“-and you hit me so hard that my fucking head hit the kitchen table-”
“-you should have never gotten in the way-”
“-you’re seriously blaming me? Me? God, fucking again, you always hit me, never Asha or god forbid Rodrik and Maron-”
The words coming out of Theon’s mouth are almost nonsensical, tainted with anger and a dark kind of sadness, and he does not take his eyes off Balon.
“-you will not criticize my methods for dealing with a child as willful and pitiful as you, you do not understand what I went through to raise you-”
“-you raised me? You hurt me! They took me up north because I was in a goddamn coma with my face cut open, and you left Asha perfectly fucking fine-”
“-you will not compare yourself to your sister, Theon, she has always been-”
“-better than me, yeah, just like Rodrik and Maron were before you got them killed-”
The sight of Theon Greyjoy and his father screaming at each other is something the prison guards must deal with once a year, and have become accustomed to physically separating the two men from one another. “You will not come back next year unless your calling is complete,” Balon hisses as Theon is dragged out of the room.
“Fuck you! I hope you get stabbed to death in there!”
Theon’s face is wet, and he wipes his cheeks. He’s crying, he realizes after a second. He is disgusted by himself.
“You can clean up in the bathroom, but you after that you gotta go,” the security guard states in a bored voice. “Your restraining order says that you can’t spend no more time with your father.”
“Yeah, with pleasure,” Theon mutters tightly. Another whole year without his father; more if he can’t obey the Drowned God’s call. He is again cut off from his family, untethered and floating away. He imagines sacrificing himself to the Drowned God instead of Robb Stark like he is supposed to. He imagines his corpse being the one to sink to the bottom of the ocean. He wonders if anyone would care.
- - - - - -
He will admit it to no one, but Theon is terrified of fulfilling his calling. The idea is so unmentionable, so awful that Theon feels weak and boneless just thinking about doing it. And yet it angers him, because what Ironborn doesn’t want to prove his worth to his god, his family, his tribe? Theon wants to do it, he wants to give the Drowned God the offering that he needs. If he does this, if he just does this one simple task, he can be welcomed back into his family, even if he isn’t legally a part of his tribe anymore. It’s all Theon wants.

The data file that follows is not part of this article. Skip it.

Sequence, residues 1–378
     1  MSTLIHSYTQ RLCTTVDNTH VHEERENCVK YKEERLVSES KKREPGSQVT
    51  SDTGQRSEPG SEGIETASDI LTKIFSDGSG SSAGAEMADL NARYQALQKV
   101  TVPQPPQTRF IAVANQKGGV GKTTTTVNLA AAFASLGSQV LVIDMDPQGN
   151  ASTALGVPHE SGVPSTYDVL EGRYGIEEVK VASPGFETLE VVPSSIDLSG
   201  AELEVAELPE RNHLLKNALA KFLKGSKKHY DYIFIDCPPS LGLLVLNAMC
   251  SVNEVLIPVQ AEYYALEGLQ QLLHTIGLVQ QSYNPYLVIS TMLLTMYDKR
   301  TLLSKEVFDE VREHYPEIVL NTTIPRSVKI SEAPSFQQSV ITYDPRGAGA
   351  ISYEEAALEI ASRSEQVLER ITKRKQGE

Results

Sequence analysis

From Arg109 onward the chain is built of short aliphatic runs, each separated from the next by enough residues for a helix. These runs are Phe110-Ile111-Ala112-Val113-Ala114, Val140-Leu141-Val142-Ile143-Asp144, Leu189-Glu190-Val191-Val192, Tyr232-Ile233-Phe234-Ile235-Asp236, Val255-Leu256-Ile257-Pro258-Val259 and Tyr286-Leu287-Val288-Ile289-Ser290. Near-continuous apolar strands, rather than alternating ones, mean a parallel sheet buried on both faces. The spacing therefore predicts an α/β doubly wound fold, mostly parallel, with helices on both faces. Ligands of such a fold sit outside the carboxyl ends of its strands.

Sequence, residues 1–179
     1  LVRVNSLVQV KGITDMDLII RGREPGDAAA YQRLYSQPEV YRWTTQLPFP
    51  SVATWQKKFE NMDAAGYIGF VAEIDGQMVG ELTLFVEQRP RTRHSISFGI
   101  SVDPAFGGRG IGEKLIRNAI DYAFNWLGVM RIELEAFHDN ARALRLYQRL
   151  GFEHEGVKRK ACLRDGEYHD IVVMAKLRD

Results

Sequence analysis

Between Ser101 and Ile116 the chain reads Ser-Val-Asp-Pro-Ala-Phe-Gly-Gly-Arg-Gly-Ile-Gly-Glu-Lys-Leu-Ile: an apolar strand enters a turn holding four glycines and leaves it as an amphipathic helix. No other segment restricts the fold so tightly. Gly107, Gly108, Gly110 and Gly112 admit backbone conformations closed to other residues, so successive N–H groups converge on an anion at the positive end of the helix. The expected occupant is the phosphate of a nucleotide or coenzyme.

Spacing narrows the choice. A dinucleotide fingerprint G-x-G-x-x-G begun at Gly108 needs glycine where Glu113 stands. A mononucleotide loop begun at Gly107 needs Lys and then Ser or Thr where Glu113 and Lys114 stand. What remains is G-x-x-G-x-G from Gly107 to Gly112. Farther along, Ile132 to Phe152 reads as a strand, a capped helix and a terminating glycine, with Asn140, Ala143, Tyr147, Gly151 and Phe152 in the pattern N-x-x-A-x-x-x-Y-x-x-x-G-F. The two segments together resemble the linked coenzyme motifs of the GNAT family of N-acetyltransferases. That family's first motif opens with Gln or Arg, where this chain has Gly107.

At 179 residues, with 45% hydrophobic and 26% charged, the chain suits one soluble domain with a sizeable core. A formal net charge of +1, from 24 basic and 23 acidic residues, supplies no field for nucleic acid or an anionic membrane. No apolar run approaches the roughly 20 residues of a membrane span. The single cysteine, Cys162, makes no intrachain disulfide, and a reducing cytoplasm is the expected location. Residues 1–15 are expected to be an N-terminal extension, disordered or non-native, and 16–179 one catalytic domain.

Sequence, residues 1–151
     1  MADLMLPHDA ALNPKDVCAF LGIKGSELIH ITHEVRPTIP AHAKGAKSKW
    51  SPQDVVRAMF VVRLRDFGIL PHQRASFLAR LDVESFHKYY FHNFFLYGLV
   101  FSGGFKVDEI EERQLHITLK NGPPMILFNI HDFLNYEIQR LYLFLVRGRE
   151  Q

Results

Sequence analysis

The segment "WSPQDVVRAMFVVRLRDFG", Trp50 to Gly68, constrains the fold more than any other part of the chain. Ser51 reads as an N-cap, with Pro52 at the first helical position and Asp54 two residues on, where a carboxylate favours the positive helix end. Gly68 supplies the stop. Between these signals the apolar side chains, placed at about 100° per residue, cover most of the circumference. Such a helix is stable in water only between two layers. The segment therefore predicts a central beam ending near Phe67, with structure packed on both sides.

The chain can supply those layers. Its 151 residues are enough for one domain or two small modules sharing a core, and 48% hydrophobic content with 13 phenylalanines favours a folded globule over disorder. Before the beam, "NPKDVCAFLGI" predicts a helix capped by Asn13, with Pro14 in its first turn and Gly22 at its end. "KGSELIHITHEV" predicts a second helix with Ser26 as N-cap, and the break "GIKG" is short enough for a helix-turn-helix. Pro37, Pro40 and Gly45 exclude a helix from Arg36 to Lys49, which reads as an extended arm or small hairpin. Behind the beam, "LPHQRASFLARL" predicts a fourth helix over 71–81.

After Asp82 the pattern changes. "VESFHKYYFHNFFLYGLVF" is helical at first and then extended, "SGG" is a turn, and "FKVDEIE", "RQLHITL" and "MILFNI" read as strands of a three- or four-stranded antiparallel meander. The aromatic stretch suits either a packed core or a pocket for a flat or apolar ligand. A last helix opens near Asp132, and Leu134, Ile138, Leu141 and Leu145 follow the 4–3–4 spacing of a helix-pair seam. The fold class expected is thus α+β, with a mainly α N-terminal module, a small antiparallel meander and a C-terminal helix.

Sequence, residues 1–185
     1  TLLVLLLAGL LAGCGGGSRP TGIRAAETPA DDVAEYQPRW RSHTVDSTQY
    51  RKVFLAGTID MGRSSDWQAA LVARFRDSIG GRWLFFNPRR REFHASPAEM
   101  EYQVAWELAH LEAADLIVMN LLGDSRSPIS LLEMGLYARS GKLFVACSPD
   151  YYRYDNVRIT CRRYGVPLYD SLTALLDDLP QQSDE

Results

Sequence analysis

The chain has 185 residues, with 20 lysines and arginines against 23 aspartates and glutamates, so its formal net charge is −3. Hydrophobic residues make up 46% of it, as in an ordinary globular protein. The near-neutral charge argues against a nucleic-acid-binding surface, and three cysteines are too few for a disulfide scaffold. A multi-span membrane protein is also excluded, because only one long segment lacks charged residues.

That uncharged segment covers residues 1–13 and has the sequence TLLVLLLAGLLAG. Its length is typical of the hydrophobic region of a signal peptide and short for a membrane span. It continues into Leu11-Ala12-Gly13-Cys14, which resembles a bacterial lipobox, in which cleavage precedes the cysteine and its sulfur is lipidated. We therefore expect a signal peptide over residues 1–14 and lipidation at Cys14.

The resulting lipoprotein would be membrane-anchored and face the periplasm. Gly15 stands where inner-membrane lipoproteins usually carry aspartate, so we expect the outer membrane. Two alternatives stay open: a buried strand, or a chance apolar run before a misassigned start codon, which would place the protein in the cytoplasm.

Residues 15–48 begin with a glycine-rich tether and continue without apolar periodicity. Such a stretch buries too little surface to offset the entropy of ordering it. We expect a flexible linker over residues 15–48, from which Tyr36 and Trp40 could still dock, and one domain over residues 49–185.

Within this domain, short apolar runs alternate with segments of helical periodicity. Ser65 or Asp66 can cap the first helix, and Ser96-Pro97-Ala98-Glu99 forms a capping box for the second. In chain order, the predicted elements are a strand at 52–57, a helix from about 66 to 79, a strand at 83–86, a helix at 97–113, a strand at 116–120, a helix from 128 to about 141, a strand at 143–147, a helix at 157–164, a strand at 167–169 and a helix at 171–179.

When he thinks about answering his call, he has the same image in his head as the one his father told him as a child. The moon will be full and its light will shine against the black ocean waves, like a silver pathway to the horizon, and Theon will stand at the shore with his offering by his side. That is where his mind cannot continue.
He cannot imagine himself holding Robb’s head under the water until he drowns. He cannot visualize how Robb’s bloated corpse would look as Theon pushes it out into the deep dark sea. He cannot do it.
Theon wonders why his god needs him to sacrifice Robb, of all people. Robb is just a teenage boy. Robb is the one person closest to his heart, the one person that he really loves. It must be some cruel joke that fate wants to play on Theon: he, the boy cast out from his home, forced to kill the one person who has given him a second chance at having someone to love and be loved by.
- - - - - -
It is a lovely funeral. Everyone who attends Eddard Stark’s memorial service says so. There are copious flower bouquets and weeping relatives and psalms about the Old Gods read, and it looks exactly like a funeral should.
It is a terrible, awful funeral.
Under the lace veils and murmured condolences, there are whispers. Dark, worried whispers, about what could have been the true cause of death and how soon he died after Robert Baratheon and the way Cersei Lannister is examining the coffin with a cool facade and the fact that something is very, very wrong.
At the mass held by the godswood tree, Theon holds Sansa’s hand and pats Bran’s back and strokes Arya’s hair, trying to comfort the children. Robb stands next to his brothers and sisters with his eyes red from crying, but Theon does not touch him.
A teenager’s funeral should not look like his father’s. When a boy Robb’s age dies, they should gather his sobbing friends in a nice cemetery and talk about how wonderful he was when he was alive. But if Theon does manage to sacrifice Robb, his funeral will inevitably look like this: ominous, confused, covered by a facade of piety yet undermined by the whispers and theories about how he died. When Theon looks at Robb today, all he sees is what is soon to be another corpse.
- - - - - -
He last takes Robb to the beach when he is sixteen and Theon is nineteen, and no one follows them to the shore because the rest of Robb’s happy little family is in Winterfell hosting a party for his birthday and no one wants to come to Weeping Water at this time of night.